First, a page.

Still Overpaying for Taxis, Laundry, and These Three Basics When Abroad?

There are certain things for which most tourists pay way above the mark. This is unnecessary spending that you can avoid if you have the proper knowledge.

Allow us to explain why you shouldn’t overpay for your things while overseas.

Why Should I Avoid Overpaying?

It harms the local economies. This may seem contradictory, but you’re not the only tourist who is overpaying for things. There are millions upon millions of others doing the exact same thing every single day.

This eventually creates a demand for the tourism industry, negating the benefits of other industries such as medical care. If a travel agent earns more than a doctor, the doctor might as well switch professions, right?

Because of over-tipping and overpaying, local products become too expensive for the original residents due to inflation. If the entire local economy is based on one industry and that industry takes a dip, the economy follows suit.

How to Avoid Overpaying

1. Know the Value of a Service/Product

Knowing how much a particular service or product is worth will allow you to gauge effectively how much you should be paying.

The way to go about judging the value of a product or service is to observe what the locals are paying.

Even if you do not understand or follow their language, keep an eye on the number and color of currency notes that they use for the same service or product that you are interested in.

Generally, paying 10% to 20% over the local value for a product or service is acceptable.

Anything beyond that, and you know you’ll be overpaying.

In most countries, vendors hike up their prices when tourists walk into their shop. If you know how much the locals spend for their services, you’ll know if they try to swindle you.

2. Use Cash

Credit cards almost always come with fees on international usage. Even if they don’t, they still apply all sorts of taxes, exchange fees, and duties.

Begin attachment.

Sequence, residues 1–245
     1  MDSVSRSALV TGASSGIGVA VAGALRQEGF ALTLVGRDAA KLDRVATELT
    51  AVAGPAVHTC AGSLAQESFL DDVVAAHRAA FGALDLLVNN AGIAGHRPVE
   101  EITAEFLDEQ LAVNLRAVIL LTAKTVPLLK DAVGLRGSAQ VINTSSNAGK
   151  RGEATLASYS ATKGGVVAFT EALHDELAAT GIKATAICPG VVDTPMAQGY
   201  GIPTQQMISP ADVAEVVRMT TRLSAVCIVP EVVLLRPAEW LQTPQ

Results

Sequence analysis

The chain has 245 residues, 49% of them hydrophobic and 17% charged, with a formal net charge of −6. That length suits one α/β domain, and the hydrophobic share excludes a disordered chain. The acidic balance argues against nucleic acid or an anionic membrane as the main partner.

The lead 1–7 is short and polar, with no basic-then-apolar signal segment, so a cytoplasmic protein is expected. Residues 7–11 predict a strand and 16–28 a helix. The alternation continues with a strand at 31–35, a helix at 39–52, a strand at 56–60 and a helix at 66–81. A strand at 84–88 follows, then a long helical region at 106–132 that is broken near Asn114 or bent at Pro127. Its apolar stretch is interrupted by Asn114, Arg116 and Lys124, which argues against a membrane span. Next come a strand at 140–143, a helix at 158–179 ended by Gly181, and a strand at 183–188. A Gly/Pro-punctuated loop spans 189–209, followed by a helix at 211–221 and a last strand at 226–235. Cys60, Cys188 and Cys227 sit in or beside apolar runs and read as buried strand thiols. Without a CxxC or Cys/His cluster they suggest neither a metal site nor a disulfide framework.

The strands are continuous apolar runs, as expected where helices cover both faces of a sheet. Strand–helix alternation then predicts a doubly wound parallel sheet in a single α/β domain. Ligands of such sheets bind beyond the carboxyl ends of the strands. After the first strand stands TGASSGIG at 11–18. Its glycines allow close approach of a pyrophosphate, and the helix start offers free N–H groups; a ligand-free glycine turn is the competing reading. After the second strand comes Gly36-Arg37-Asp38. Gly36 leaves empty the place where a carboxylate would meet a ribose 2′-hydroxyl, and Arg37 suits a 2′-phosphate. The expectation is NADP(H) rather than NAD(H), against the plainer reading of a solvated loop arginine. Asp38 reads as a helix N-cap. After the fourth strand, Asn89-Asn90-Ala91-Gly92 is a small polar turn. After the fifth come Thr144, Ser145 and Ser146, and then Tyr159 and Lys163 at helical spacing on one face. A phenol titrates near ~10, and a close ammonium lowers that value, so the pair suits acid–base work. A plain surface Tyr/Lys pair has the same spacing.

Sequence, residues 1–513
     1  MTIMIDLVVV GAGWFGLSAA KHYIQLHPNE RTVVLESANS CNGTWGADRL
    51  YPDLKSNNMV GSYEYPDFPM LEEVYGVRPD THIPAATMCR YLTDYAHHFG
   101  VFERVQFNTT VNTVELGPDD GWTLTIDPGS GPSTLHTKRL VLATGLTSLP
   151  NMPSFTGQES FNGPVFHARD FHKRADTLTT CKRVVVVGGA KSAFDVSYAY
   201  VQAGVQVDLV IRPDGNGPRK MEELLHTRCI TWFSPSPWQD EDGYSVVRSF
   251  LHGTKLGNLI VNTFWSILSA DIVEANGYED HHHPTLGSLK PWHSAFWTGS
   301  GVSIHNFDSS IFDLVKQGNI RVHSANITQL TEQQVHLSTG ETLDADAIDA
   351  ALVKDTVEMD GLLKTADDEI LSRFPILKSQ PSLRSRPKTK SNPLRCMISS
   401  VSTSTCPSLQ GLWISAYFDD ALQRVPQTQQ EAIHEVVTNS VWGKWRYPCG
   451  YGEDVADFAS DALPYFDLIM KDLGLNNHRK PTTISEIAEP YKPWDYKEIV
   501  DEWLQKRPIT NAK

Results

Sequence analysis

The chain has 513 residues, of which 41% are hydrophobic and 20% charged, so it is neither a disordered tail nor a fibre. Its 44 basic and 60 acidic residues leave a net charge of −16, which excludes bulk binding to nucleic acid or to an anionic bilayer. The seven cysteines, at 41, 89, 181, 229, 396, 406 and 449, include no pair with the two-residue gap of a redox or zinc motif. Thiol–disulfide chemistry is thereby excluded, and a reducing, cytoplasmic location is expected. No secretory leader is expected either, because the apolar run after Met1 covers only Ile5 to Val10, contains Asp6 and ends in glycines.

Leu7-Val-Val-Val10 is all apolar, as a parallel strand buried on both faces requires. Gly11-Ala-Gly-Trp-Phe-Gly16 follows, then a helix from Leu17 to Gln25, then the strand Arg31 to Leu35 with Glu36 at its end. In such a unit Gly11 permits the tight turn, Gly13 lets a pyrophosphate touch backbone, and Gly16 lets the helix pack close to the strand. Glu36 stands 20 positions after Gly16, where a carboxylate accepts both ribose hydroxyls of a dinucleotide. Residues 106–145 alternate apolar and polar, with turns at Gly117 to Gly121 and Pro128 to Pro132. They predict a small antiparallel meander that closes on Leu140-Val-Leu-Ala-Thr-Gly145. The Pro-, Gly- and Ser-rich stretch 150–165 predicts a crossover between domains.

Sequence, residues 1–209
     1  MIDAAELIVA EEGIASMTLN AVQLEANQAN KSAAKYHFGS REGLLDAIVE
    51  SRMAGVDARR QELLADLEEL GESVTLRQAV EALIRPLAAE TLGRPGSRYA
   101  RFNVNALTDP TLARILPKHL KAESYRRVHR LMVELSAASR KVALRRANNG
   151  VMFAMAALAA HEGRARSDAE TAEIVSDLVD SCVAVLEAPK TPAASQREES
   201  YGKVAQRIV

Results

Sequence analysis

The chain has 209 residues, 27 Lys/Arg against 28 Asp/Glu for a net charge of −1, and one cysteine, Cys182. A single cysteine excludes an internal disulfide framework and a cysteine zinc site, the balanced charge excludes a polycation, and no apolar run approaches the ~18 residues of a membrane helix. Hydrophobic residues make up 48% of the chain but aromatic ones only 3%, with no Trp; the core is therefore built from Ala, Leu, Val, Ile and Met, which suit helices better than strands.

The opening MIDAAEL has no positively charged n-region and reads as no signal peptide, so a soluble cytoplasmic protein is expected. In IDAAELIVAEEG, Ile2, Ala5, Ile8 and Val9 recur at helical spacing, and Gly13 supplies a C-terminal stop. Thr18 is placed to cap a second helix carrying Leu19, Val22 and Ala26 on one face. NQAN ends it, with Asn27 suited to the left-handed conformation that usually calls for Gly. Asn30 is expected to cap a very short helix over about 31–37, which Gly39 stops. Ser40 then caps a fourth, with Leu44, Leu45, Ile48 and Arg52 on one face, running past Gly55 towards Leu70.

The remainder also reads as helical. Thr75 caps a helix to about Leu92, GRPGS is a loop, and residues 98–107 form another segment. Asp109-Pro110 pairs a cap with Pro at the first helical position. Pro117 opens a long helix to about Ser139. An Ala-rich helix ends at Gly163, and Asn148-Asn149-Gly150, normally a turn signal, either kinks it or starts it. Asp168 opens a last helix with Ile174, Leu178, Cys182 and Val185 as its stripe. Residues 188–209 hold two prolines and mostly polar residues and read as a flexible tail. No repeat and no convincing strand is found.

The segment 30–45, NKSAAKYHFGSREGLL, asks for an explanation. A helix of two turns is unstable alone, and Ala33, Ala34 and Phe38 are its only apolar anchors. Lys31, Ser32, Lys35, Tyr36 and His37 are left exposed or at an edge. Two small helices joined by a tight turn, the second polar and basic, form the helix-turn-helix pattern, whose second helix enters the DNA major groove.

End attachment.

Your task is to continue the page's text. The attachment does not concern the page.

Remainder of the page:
Avoiding too much use of a credit card can sometimes knock as much as 5% off of your total cost.

A better option than cash is to use traveler’s checks. These can be exchanged at all central

banks for cash, canceled if they are stolen, and are directly accepted at most shops.

If you feel the need to use a card of some sort, or are just nervous about carrying liquid forms of currency around, use a prepaid credit card instead.

These negate the risk of losing all your money, as you can only use what you load onto it.

Nonetheless, always keep some cash on your person, just as a contingency plan.

3. Stay Off the Beaten Path

It’s common sense that if you stay and dine near significant attractions in a city, the cost of your trip will skyrocket.

Going to a slightly out-of-the-way place will put some distance between you and people

who prey on tourists.

Places that are out of the public eye are more likely to offer you better deals on

accommodation, board, and transport.

Below, is a list of items that international tourists consistently overspend on and a guide to avoid paying above the mark for them.

1. Avoid Overpaying for Taxis

Taxi drivers may act sly, especially if they notice that you aren’t a local. They will often try to drive you through the scenic routes, especially if they charge by the mile.